Situational Leadership provides a simple and logical framework with four basic decision-making styles – authoritative, consultative, facilitative, and delegative. Briefly describe these styles and describe when they are appropriate to use. Our textbook states that authoritative decision-making style, “applies in situations where the manager has the necessary experience and information to reach a conclusion and followers do not possess the ability, willingness, or confidence to help” (p. 295).
This would be appropriate when you are the only source of information or expertise. According to p. 296 of our textbook, consultative decision-making styles are a “valuable strategy when the manager recognizes that the followers also possess some experience or knowledge of the subject and are willing but not yet able to help”. This style is appropriate when there is more time to make a decision on important issues and requires input from people who can be directly impacted by those decisions. Facilitative decision-making, as stated on p. 96 of our textbook as well, “is a cooperative effort in which manager and followers work together to reach a shared decisions”.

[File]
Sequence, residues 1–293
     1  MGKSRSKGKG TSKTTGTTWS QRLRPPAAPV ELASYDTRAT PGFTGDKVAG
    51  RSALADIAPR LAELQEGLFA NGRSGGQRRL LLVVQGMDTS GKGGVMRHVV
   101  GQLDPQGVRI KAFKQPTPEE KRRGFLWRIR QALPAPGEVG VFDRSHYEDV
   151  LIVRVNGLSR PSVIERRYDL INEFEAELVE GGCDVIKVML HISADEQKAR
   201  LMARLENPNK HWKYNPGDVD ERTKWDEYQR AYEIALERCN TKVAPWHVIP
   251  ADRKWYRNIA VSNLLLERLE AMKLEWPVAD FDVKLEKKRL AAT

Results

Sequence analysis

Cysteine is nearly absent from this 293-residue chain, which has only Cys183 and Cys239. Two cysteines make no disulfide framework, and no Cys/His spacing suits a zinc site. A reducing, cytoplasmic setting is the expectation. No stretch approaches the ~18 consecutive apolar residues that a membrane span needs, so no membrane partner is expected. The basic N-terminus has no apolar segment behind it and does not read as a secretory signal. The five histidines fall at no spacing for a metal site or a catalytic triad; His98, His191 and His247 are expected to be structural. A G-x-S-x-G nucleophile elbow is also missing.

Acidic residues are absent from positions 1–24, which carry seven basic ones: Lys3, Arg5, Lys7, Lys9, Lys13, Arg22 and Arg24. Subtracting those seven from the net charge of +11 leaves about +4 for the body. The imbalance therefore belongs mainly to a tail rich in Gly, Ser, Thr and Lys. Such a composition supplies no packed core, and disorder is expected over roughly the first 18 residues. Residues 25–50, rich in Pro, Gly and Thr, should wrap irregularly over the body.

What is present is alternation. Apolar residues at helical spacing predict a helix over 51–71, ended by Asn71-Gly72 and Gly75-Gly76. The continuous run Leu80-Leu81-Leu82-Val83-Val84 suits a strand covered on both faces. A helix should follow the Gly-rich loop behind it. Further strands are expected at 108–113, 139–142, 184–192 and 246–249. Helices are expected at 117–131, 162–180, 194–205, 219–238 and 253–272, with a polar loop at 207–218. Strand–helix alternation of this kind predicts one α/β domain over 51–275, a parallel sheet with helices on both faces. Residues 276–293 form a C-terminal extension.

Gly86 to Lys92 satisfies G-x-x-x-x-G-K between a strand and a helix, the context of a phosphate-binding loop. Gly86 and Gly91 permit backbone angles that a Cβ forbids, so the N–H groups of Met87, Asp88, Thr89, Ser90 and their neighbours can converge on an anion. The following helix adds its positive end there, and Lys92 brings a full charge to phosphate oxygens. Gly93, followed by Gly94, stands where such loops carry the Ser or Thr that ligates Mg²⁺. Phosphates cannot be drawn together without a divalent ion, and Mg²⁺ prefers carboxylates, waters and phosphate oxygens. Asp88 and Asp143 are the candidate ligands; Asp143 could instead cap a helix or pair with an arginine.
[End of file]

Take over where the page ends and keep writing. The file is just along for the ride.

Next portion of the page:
This approach would be useful when dealing with an able, but not confident follower. Delegative decision making, covered on p. 297 of our textbook, is used “when follower high in readiness who have the experience and information needed to make the proper decision or recommendation”. This style is appropriate when “the manager can look forward to a high level of performance by saying, ‘You know this subject. Work on it and let me know what you come up with’” (p. 297).